I know we're seeing reports that Tebow will just be a quarterback. I don't buy it.
"I see him in a short-yardage, goal-line package, with some unbalanced line being used," one executive from a rival team told me. "The prep time alone will make things harder on Patriot opponents. Tebow will be far down their list of things to prepare for and he could be a significant weapon, because if you are not prepared, gaps can be unaccounted for."
That makes a ton of sense.
5) The Josh McDaniels factor
McDaniels and Belichick crave smart, versatile, winning players. Say what you want about Tebow, but he most certainly can be described with those three adjectives.
6) The Urban Meyer factor
Belichick and Tebow's college coach, Urban Meyer, are very tight. Tebow will do anything to win football games. Nobody works harder. He's a bright player. Belichick appreciates that. If that attitude becomes contagious, that's a positive.
7) The Tom Brady factor
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Tebow fractured the quarterback room in Denver. He represented a distraction at every turn in New York. But there will be no such issues in New England.
Brady is a living legend, one of the best and most clutch quarterbacks in NFL history. He is larger than life. It's Brady's show.
This is a good thing for Tebow. For the first time in his NFL career, Tebow will be a pebble in someone else's shadow.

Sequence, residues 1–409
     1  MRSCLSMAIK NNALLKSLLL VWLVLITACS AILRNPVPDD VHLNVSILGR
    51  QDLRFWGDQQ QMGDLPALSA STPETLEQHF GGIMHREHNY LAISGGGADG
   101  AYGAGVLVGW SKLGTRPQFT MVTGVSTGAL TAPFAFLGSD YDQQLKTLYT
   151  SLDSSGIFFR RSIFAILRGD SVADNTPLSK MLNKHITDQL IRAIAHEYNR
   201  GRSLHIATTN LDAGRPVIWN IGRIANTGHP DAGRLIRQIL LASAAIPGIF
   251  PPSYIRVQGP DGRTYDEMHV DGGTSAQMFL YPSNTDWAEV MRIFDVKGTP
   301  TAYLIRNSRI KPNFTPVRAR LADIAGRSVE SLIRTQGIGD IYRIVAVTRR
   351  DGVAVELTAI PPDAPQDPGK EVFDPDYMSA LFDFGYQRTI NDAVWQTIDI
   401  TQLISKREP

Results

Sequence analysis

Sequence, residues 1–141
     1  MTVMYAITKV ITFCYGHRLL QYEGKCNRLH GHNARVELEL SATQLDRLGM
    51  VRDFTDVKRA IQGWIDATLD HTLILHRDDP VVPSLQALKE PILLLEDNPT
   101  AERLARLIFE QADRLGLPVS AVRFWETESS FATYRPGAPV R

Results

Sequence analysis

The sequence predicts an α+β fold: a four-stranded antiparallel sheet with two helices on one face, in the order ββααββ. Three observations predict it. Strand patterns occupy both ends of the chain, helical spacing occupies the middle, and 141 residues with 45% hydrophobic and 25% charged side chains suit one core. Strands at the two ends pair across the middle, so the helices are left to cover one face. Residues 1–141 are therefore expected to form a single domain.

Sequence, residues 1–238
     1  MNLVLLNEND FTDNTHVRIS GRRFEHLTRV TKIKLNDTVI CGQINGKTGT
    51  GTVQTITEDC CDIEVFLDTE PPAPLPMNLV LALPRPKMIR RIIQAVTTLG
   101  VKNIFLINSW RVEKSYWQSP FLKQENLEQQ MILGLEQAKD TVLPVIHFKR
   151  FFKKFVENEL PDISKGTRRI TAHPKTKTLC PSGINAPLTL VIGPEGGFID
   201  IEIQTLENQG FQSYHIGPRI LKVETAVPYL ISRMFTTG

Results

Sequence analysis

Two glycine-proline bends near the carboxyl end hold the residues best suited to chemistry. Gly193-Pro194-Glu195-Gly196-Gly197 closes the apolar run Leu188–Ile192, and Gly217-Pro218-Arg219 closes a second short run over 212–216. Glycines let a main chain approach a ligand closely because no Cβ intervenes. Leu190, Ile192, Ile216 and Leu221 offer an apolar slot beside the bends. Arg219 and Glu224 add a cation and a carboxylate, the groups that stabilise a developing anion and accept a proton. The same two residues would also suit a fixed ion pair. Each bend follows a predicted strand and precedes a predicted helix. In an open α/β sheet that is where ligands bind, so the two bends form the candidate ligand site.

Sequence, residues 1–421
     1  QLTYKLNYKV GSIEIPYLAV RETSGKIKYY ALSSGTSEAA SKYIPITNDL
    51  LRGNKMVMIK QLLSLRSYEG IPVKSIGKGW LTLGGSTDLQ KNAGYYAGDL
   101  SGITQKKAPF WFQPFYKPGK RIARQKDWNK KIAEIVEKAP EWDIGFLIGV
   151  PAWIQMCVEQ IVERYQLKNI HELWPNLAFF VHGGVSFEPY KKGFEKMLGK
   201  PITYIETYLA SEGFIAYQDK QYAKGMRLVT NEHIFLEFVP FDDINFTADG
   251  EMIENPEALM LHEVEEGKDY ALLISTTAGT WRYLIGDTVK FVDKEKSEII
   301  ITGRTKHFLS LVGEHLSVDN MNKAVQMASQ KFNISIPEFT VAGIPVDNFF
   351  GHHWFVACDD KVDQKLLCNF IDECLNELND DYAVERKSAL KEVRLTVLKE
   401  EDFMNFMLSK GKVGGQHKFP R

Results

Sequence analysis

8) A "Slash" for a new day
Former Steelers quarterback Kordell Stewart was known as "Slash" for his ability to play all over the field. Well, Tebow is the new "Slash." He can be the ultimate decoy lined up in the backfield. He can run via the Wildcat or the reverse.
If I were Tebow, I would volunteer to play tight end, safety, special teams ... I would volunteer to get Brady his water. It's Tebow's job to tell Belichick he will do anything to help the team win -- while continuing to refine his game at quarterback.
9) Revenge, Tebow style
How ironic would it be if Tebow were to score more touchdowns than Mark Sanchez during the Jets-Patriots matchup on NFL Network in Week 2? I'll bet it happens. Ex-Jets always come back to burn Gang Green (see: Woodhead, Danny). Ever since hastily resigning as the "HC of the NYJ" years ago, Belichick has seemingly taken special pleasure in this phenomenon. Tebow will run the ball into the end zone in a lopsided Patriots win behind Brady -- and Sanchez will be on the bench.
Come on. You know that will be the script. It has to be, right?
Remember when the Jets thought they traded for a weapon? And they had a plan to give him 10 to 15 touches a game with Tony Sparano running the plays? Remember when the Jets guarded that plan so tightly last August -- only to never use it? Instead, they responded to Tebow's awful practice presence and watched Sanchez butt-fumble his way to an underachieving, turnover-marred season.
I still maintain that the Jets should've used Tebow. He was the best quarterback and runner on the roster, and nothing else was working. But they wasted him.
Don't you get the feeling that Belichick would love to remind them of that this fall?